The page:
The founder of anything, specifically when you are a member of a group who has been disenfranchised is more than the creation itself. It is breaking boundaries and making it easier for future generations to follow in your footsteps.
Cokie Roberts, Susan Stamberg, Nina Totenberg, and Linda Wertheimer were all born into an era in which the expectations of women were limited. They could have followed the prescribed path of marriage and motherhood. Instead, they took what was then the less traveled path and became journalists. Their combined story is told in the new book, Susan, Linda, Nina, and Cokie: The Extraordinary Story of the Founding Mothers of NPR. Written by Lisa Napoli, it was published earlier this year.
In the 1960’s and 1970’s, the career doors were starting to bust open for women. At the same time, the concept of radio was also changing. In April of 1971, NPR aired its first broadcast. As with many new businesses, they had open jobs to fill and were not as picky about who they hired as more established enterprises. As the years passed, these women became formidable and respected, changing the game and giving new voice to those who in the past had been silenced.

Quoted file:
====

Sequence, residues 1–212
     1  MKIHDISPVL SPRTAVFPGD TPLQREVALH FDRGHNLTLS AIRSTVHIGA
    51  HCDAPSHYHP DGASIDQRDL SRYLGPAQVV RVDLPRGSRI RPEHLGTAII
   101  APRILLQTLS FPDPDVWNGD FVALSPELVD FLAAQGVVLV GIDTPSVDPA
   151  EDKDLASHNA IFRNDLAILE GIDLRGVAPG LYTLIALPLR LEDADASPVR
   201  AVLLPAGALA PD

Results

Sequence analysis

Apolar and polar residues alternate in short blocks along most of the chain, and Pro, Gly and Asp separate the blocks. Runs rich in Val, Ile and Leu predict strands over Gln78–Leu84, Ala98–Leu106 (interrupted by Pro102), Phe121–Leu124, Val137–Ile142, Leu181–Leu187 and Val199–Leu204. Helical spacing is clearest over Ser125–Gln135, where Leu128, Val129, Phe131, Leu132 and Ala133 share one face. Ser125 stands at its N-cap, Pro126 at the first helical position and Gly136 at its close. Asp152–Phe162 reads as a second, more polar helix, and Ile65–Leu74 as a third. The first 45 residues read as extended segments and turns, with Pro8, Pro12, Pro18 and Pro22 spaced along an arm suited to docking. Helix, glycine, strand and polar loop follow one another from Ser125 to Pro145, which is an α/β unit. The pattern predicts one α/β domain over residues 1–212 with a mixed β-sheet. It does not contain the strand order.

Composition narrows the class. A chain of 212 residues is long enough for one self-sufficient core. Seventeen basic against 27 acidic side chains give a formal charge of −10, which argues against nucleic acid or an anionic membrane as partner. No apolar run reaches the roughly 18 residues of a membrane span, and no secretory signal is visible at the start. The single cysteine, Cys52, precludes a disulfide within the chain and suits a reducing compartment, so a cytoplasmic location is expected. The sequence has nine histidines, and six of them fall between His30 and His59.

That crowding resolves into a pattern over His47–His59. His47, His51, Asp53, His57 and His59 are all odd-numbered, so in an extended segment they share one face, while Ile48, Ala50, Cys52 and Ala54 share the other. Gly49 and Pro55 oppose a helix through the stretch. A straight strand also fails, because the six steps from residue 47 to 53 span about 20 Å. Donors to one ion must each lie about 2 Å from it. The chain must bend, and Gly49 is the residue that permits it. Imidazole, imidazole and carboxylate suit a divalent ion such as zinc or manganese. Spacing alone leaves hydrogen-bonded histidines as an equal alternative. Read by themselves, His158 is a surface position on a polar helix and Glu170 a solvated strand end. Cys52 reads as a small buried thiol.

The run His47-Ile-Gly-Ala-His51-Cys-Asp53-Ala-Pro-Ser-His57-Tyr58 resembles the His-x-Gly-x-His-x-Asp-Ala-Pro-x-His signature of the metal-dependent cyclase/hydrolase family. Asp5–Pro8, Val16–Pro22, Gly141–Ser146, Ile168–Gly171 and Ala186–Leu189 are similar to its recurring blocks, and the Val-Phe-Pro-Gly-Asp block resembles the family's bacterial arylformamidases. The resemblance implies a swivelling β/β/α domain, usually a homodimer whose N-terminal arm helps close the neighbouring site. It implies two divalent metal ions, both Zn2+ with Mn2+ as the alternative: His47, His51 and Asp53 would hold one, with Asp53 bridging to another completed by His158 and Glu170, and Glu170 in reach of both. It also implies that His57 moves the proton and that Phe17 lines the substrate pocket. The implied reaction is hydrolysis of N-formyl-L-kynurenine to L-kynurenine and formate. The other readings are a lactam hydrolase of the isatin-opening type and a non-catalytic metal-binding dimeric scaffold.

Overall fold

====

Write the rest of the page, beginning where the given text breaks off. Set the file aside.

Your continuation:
Though it is a little slow to start, when it takes off, it really takes off. It is a fascinating read, What I found interesting, is that this book is not just the individual stories of these women. It is the story of how women in general have come a long way in only half a century.
As a fan of NPR and avid listener of my local station, WNYC, it is a good read that is well worth your time.
Do I recommend it? Absolutely.
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